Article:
People's Democracy

(Weekly Organ of the Communist Party of India (Marxist)


No. 28

July 11, 2010


THE unprecedented success of the countrywide hartal against price rise on July 5 has provoked a string of absurd reactions from our political opponents in the government.  Instead of accepting the fact that this spontaneous outburst of anger by the vast majority of the common people must be addressed in right earnest by making efforts to halt the  price rise and improve the living conditions of the people, the Congress and some of its allies in the government, ably assisted by sections of the corporate media and the pen pushers of India Inc., have resorted to hurling baseless charges against us. 

In this regard, the Trinamul Congress and its chief take the cake.  Rattled by the spontaneous response in West Bengal, far surpassing the state’s usual response to hartals against the anti-people policies of the government, the Trinamul chief accused the CPI(M) of being “hand in glove with the communal party”. Committing a Freudian slip, she invoked her party’s election symbol and said that the CPI(M) and BJP are “two flowers on the same stalk”.

Such temerity from a person who, in the first place, facilitated the formation of a government by the communal forces led by Vajpayee in 1998! Having served as a union cabinet minister, holding the same portfolio that she now holds in the Congress-led UPA government, she left the NDA in order to align with the Congress for the West Bengal state assembly elections in 2001.  Soon after this alliance was trounced, she abandoned the Congress to rejoin the NDA, in the aftermath of the communal genocide in Gujarat.  Having been an opportunistic bedfellow of the BJP, she now has the gumption to attack the CPI(M) as “collaborating with the BJP”!

Let us set the record straight.  As is well-known, the CPI(M) and the Left parties along with their secular opposition allies had given the call for this nationwide hartal. Later, the BJP and its NDA allies gave a similar call  on the same date.  Further, this call for a hartal came as a culmination of an over year-long campaign against price rise conducted by the Left parties.  On several occasions, this issue was raised in the parliament. However, met by a callous response by the government in parliament, the Left parties decided to mount pressure on the government through popular protests and struggles.  A massive `march to parliament’ was organised on March 12, 2010.  This was followed by a nationwide `jail bharo’ campaign on April 8 in which over 25 lakh volunteers of the Left parties participated.  This was followed by a call by the Left parties for a nationwide hartal on April 27.  This present hartal has come after the recent hike in the prices of petro products in defiance of all arguments in parliament and protests outside falling on the deaf ears of the government.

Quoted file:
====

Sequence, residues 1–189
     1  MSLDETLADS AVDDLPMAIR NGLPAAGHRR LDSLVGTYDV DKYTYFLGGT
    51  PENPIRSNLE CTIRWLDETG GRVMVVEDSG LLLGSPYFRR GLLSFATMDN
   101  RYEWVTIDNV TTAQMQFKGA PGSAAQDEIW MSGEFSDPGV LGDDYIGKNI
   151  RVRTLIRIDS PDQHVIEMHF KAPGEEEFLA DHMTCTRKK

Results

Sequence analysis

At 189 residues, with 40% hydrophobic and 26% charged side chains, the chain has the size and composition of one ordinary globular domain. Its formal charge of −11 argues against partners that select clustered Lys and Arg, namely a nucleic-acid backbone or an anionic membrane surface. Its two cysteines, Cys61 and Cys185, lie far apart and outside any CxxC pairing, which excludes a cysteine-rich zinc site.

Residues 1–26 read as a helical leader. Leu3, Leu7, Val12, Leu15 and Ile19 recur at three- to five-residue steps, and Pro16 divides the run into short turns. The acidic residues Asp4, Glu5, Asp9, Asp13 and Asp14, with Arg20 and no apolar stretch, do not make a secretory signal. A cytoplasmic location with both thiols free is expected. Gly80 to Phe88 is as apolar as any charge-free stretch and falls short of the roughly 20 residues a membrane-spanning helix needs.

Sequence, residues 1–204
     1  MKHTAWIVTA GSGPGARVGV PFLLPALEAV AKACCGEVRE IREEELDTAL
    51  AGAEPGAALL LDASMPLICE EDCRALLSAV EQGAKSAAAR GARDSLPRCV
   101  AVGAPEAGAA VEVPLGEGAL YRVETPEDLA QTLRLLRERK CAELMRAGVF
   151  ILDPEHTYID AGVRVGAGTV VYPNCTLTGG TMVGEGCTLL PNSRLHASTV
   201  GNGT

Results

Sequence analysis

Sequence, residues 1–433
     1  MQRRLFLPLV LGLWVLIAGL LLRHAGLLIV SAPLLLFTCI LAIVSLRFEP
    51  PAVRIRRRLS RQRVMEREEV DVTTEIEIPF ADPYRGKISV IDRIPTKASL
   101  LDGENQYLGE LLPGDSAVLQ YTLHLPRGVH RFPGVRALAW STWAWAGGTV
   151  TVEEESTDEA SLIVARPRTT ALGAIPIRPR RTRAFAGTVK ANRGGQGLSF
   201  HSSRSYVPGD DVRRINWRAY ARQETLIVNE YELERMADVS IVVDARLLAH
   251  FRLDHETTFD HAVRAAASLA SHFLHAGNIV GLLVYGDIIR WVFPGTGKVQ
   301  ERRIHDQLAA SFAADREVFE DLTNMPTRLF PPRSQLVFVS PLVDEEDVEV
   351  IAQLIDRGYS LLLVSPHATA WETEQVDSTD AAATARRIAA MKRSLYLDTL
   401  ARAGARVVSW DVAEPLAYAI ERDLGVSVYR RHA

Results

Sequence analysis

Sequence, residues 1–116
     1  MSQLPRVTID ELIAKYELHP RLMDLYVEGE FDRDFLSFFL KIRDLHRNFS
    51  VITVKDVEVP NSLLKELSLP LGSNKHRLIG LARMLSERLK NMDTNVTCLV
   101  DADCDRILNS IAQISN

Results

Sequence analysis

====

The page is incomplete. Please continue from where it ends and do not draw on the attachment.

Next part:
The CPI(M)’s credentials in fighting communalism and uncompromisingly upholding the secular democratic character of modern India is known to all.  It must be recollected that in the 2004 general elections, of the 61 Left MPs in the Lok Sabha, 54 won by defeating the Congress candidates.  Yet, in order to prevent the communal forces from staking claim to form the government again, the Left parties extended outside support to a secular government headed by the very same Congress party. This is despite the fact that in the Left strongholds of West Bengal, Kerala and Tripura, it is the Congress which is the main political adversary. Such is the commitment of the CPI(M) to uphold the secular democratic character of modern India.   Having cohabited with the BJP in the past, the Trinamul Congress is cynically trying to spread patent falsehoods to muster support from the religious minorities in West Bengal.